MFA Student Spotlight Interview With Julian Robles
A writer from California, Julian Robles is a third year MFA candidate who will be doing research in Mexico City through a Fulbright Program Award. Robles is also a music journalist and has won several contests and awards. Currently, he is completing a short story collection about Latinx artists.
I asked Robles to tell me about his experience here and his work. He shared some very interesting details.
Hannah Karau: Congratulations on your Fulbright Scholarship for research in Mexico City! Now that your hard work has paid off, can you tell me more about the novella you plan to research and write during your stay in Mexico?
Julian Robles: Thank you! My research will investigate the textile industry in Mexico City between the 1950s and 1970s. The topic sounds kind of obscure, and really different from—and less fun—than what I've written in the past, but it is something that has interested me for a while. My grandmother worked for several years in Mexico in sweatshop conditions. She was a migrant from the rural southern region of the country, and so I want to write about internal rural-to-urban migration in Mexico, a topic overlooked in nearly all English-language fiction about Mexico. I am also interested in labor as a subject: as in what constitutes labor; and thinking of the image of my grandmother seated at a machine sewing and the image of me seated at a machine writing, and those as physical arrangements looking so similar, but as social and political conditions being really, really distinct. Lastly, there’s the question of big companies exploiting laborers and then turning around and using that money to fund the arts. I can’t write the novella and not consider the power and money that’s letting me write to begin with.
HK: Your work is obviously well written considering the rewards you’ve received, like your Fulbright Scholarship or the Gesel Prize in Fiction. And I’ve read “Breast Cancer and Your Arm!” I loved it. How have your writing successes impacted your life?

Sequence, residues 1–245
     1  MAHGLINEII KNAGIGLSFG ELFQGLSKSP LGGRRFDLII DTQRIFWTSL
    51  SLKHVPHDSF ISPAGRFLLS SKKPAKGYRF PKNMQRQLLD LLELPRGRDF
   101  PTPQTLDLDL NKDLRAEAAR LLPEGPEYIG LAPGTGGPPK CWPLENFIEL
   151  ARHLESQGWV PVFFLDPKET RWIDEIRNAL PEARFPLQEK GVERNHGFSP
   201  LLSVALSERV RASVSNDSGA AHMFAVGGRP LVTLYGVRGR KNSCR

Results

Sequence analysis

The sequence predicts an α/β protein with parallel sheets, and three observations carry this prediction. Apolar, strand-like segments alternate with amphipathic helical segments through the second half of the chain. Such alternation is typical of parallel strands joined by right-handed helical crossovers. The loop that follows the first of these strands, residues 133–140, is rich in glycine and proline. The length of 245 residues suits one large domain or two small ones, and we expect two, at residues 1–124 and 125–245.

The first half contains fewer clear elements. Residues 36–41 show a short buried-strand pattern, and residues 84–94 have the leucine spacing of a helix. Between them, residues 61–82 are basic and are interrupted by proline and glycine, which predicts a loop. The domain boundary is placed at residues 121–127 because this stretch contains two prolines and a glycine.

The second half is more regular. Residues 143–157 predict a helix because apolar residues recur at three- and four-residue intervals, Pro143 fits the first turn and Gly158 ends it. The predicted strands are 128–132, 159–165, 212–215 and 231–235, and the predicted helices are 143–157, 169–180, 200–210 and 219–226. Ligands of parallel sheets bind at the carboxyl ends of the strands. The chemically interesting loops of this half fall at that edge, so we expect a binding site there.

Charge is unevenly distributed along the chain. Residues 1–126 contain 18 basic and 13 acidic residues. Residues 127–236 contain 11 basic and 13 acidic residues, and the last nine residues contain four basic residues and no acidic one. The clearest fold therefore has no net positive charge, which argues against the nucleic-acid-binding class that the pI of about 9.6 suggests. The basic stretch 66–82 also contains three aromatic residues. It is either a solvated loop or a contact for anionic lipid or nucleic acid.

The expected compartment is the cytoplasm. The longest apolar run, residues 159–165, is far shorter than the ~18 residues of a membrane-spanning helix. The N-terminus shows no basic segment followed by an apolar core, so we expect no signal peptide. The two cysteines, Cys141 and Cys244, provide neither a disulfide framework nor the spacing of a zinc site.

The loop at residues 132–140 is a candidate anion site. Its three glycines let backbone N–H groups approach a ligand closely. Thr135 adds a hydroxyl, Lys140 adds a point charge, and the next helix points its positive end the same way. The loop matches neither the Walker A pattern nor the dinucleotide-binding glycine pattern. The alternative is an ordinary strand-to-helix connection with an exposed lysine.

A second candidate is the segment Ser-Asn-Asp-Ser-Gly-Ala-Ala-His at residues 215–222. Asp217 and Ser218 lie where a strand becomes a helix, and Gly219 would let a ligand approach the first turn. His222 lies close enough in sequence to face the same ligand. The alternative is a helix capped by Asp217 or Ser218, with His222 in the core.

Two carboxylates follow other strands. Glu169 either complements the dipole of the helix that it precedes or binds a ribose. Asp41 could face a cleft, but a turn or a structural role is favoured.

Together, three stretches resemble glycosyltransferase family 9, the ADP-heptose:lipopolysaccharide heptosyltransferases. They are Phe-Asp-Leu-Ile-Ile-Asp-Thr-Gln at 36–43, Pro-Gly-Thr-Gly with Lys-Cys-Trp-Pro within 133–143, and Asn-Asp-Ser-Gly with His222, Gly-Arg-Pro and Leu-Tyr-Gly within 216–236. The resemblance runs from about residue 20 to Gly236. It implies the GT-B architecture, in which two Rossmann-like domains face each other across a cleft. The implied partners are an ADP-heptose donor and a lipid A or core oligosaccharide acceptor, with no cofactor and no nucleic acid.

JR: It’s nice to see the work acknowledged and to get paid in the instances when there’s money attached to a prize. That’s the biggest material impact, to be honest. I don’t know that I attach success to the prize, though. So much good writing goes ignored for years; I’m skeptical of prizes even when I win one—often they seem to acknowledge writing that imitates what people like in the current decade or last five years or whatever. I like literature that thinks ahead. I guess that’s a way of saying that winning prizes makes me want to write better. Like the story you’ve mentioned – I’m happy I wrote it, but I look at it now and know I could have written it better.
HK: You’re in your final semester of the MFA program, so now that you’ve gone through nearly all of it, what has been your favorite part of the experience?
JR: All the time to write and read. There’s nothing I enjoy more.
HK: On the flip side, what has been the hardest struggle here and what advice for dealing with it would you give someone entering our program?
JR: I entered the program as part of a diverse cohort. Diverse in a lot of ways—gender identity, ethnicity, class background. There was an adjustment period for everyone learning how MFA programs haven’t historically made space for people like us. No shade to those running the program—it’s actually doing a good job of adapting. I’d tell anyone to come in prepared for that. My peers have put in a lot of work to bring about change. So, going back to your last question, I think seeing people so committed to making a better space for all writers has been really heartening. The other issue, which seems more intractable, is the pitiful compensation paid to graduate students for their work. Like a lot of universities, this one could do better.
HK: What piece of writing are you most proud of from your time in the MFA and why?
JR: I wrote this little novella called “Banking for Virgins.” I’m still revising it. The whole writing process took a lot out of me. It’s a story with a lot of honesty and ugliness. It’s messy and overly ambitious in a way that I love in books. Sometimes I wonder if I’ll regret writing it but that’s how I know it tried something new.